OPDP Issues Untitled Letter Over Birth Control Device TV Ad

Regulatory NewsRegulatory News
| 31 July 2019 | By Michael Mezher 

The US Food and Drug Administration’s (FDA) Office of Prescription Drug Promotion (OPDP) sent an untitled letter to CooperSurgical last week over misleading claims made in a television advertisement for its hormone-free prescription intrauterine birth control device ParaGard.
OPDP says the letter, its fourth in 2019, was prompted by its review of the Form 2253 submitted by CooperSurgical for the ad and notes that the agency received a complaint about the ad via its Bad Ad Program.
Paragard is approved for intrauterine contraception for up to 10 years and carries several contraindications, warnings and precautions.
Some of the contraindications include that the device should not be used during pregnancy, or in women with certain uterine abnormalities, acute pelvic inflammatory disease, recent postpartum endometritis, Wilson’s disease or an allergy to any component of the device.
Warnings for Paragard include the risk for intrauterine pregnancy, ectopic pregnancy, pelvic infection, immunocompromise, myometrium embedment, perforation and expulsion.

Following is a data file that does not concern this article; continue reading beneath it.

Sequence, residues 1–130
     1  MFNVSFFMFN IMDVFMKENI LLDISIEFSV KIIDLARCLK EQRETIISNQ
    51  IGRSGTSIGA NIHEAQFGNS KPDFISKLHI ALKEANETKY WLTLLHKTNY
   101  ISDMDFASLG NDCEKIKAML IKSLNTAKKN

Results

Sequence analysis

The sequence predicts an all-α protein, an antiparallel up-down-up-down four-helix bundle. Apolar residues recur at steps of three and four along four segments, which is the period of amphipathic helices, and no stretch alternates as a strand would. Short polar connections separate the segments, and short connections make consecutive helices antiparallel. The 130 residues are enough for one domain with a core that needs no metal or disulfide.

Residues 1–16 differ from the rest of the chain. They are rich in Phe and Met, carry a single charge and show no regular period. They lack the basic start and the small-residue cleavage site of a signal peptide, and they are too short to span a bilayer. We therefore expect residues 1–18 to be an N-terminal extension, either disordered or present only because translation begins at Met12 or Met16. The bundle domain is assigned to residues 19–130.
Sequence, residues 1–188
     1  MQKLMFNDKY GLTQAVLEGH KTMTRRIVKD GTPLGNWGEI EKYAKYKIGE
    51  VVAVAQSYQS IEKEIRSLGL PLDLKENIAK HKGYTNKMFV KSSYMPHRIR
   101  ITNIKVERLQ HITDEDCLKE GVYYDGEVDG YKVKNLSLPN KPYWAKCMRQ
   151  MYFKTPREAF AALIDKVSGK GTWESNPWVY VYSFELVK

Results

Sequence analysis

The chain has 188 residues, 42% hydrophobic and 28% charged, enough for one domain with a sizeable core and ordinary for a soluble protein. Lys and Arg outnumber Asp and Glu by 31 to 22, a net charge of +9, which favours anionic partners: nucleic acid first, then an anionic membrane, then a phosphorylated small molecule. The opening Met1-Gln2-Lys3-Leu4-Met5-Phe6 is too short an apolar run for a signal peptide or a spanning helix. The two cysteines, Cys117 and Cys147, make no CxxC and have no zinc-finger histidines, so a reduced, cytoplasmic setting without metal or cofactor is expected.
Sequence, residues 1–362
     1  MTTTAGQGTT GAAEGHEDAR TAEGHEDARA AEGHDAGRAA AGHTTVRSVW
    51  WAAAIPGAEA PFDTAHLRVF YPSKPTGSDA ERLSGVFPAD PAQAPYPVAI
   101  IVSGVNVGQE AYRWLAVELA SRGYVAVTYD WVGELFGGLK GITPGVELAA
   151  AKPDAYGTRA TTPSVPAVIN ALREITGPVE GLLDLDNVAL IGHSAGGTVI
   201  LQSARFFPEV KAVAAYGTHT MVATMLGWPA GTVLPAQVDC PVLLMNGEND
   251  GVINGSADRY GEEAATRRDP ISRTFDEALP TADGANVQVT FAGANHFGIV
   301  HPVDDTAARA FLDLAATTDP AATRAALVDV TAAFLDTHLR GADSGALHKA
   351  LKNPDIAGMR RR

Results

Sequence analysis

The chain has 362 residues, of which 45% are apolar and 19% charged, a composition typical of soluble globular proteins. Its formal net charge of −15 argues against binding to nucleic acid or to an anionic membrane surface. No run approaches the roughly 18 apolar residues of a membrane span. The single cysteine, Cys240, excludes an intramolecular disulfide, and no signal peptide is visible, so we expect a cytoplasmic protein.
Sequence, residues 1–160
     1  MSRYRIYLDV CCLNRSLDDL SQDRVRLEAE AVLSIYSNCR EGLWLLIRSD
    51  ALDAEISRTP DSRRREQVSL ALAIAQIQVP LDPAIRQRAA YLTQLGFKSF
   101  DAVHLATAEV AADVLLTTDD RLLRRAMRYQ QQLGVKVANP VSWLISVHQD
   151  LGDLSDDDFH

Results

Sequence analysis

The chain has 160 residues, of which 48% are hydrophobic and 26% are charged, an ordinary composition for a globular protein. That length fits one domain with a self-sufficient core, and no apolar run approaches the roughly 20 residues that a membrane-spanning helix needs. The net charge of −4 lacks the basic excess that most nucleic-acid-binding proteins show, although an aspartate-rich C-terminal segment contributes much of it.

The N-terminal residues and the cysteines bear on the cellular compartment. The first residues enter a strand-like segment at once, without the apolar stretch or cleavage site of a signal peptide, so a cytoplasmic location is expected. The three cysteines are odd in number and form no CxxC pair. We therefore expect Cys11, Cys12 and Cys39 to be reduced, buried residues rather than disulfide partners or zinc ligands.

According to OPDP, the TV ad cited in the untitled letter is misleading because it fails to mention important risk information about the product.
Despite onscreen text in the ad stating “Don’t use Paragard if you have certain cancers,” and a recommendation that patients using the device call their healthcare provider if they experience pain or pelvic infection, OPDP says the ad fails to mention any other contraindications and “fails to adequately communicate the material fact that ParaGard is associated with an increased risk of pelvic inflammatory disease (PID) and that PID can have serious consequences.”
OPDP also says the ad fails to mention the risk of expulsion with the product, and thus “misleadingly suggests that ParaGard is safer than has been demonstrated.”
Another issue, OPDP says, is that the risk information presented in the ad is “undermined” by fast-paced and attention-grabbing visuals that are unrelated to the risk information in the accompanying audio or superimposed text.
OPDP also takes issue with the fact that the ad presents unrelated benefit and risk information simultaneously. In one instance, OPDP says the ad displayed risk information about vaginal bleeding in superimposed text while audio and visual claims were presented about the product’s benefits.
Additionally, OPDP says the ad’s emphasis on ParaGard being hormone-free, while true, creates a “misleading impression of the safety profile of the drug,” noting that ParaGard is associated with some of the same risks as other long-acting reversible contraceptives.
In response to the letter, OPDP asks that CooperSurgical cease distributing the ad and submit a written response to the agency by 8 August stating whether the company will comply with the agency’s request and providing a list of any other violative promotional materials.
FDA, Promotional Materials


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